In 1916, the industries who were badly coping with the numbers of supplies needed, were struggling to fulfil war contracts due to the shortage of important raw materials such as metals and fuels. The dismissal of the Duma by the Tsar also raised eyebrows within the Middle Classes because the Progressive Bloc wanted to work with the Duma politicians to help unite the people of Russia. However, the refusal by the Tsar meant that the people had no representation. This made the Middle classes and other people even angrier because they were not being listened to. The Aristocracy didn’t approve of the war either.

They thought that the situation had got so bad that by late 1916, the Council of the United Nobility were calling the Tsar to step down. The future classes had been abolished due to most junior officers in the war had died – all under the Tsar’s leadership. They were also appalled at how the Tsar had left St. Petursburg and let the Tsarina under the influence of Rasputin, control the country in his departure. The fact that the Tsarina was a German and the rumours that she was a spy also having an affair with Rasputin, lowered her popularity within the aristocracy greatly.

The conscription of 13 million peasants also affected the Aristocracy as they had no workers for their estates. Prince Yusapov, a member of the Aristocracy, murdered Rasputin in December 1916 but the situation did not improve. The long term affects of the 1905 Revolution haunted the Tsar. The revolt had mainly been down to the terrible conditions the workers had to live and work in, as it had been a problem for Russia for the past 350 years. Even through the war this was still the case and the Tsar was doing nothing to stop it.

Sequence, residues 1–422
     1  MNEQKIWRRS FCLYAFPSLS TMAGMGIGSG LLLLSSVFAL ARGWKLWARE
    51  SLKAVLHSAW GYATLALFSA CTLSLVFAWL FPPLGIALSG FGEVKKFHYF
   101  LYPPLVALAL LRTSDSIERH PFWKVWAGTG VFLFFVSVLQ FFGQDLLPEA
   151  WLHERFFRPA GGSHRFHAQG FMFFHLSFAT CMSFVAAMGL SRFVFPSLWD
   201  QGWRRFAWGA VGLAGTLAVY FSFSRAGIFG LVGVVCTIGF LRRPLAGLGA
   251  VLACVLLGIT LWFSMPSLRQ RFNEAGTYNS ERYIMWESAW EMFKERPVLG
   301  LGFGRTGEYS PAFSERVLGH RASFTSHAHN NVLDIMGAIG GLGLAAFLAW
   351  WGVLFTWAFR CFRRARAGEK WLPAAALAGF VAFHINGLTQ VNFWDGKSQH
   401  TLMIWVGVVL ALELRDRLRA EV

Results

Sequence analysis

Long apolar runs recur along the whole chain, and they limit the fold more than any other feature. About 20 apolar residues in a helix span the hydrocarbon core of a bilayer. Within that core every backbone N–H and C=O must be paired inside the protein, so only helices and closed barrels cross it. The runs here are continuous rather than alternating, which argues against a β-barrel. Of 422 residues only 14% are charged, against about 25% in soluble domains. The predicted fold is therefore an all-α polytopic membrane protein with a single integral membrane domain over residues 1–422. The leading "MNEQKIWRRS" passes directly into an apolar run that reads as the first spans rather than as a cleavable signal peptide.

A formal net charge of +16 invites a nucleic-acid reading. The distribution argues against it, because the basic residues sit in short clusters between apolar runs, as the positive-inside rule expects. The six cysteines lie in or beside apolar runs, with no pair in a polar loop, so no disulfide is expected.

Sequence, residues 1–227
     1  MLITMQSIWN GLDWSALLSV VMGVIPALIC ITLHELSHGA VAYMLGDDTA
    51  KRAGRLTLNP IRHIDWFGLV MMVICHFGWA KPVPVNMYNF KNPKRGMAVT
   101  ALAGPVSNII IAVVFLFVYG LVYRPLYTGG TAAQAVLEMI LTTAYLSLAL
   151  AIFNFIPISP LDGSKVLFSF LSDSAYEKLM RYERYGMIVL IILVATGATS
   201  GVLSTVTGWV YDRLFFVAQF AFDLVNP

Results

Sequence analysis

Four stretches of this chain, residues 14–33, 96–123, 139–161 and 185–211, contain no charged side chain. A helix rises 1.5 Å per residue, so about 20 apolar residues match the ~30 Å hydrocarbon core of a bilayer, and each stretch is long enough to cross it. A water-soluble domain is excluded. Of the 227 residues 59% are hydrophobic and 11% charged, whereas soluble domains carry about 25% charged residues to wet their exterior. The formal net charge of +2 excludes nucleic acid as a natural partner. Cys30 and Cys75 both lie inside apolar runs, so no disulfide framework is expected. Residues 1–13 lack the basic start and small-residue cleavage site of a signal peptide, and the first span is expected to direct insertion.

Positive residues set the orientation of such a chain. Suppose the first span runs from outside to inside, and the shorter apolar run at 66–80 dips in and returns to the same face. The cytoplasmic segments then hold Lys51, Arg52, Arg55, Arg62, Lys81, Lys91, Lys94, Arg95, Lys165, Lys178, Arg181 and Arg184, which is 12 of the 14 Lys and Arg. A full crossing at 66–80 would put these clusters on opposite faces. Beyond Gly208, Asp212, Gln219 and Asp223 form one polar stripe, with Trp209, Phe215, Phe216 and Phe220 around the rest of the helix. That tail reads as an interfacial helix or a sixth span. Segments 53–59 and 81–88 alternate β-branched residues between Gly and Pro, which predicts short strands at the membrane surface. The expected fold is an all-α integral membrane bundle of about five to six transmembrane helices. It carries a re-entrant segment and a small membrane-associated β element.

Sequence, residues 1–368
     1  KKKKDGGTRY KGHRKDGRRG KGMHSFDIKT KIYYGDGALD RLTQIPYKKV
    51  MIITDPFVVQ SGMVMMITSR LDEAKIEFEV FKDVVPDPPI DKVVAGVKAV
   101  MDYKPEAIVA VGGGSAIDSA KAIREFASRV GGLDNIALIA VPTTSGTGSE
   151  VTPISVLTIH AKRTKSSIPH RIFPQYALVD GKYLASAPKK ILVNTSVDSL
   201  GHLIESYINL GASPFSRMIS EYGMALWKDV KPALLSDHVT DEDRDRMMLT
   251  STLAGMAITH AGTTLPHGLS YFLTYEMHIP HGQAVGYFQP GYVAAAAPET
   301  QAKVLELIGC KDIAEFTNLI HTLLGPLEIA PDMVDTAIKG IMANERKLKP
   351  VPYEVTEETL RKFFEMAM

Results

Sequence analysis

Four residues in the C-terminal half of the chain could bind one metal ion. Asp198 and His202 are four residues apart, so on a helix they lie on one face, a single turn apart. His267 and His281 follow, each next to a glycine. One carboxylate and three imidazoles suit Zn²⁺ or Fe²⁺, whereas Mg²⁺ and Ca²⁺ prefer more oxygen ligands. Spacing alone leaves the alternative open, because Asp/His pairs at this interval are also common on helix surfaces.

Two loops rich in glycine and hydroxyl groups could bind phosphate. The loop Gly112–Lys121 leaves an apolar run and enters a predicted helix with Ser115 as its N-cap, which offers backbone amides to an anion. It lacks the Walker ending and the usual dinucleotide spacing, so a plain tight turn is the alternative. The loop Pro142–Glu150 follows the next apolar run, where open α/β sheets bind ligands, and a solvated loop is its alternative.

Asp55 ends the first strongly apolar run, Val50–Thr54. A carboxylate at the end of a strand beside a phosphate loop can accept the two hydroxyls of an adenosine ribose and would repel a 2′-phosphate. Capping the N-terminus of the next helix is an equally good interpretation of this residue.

Other long term affects that caused problems were the fact that there was a lack of raw materials and the Tsar took all the money in taxes whilst the peasants and middle classes were left with none. These problems led to opposition groups that believed in Marxism which meant that they believed in Karl Marx’s revolutionary ideas. It had spread rapidly through the working and middle classes. The rise of industrialisation in Russia affected the home front as well as the front line.

The lack of raw materials such as metals and fuels made the economy of the country fall as money was unavailable. This led to the poor rail network as there was no metal to extend or develop the system which meant that supplies could not be transported to the troops or even the people in the cities. As you can see, the above factors sparked the Russian Revolution with the Tsar being behind nearly all of them. Clearly then, the Tsar was the main cause behind all the problems leading to the collapse of the Russian Monarchy in 1917.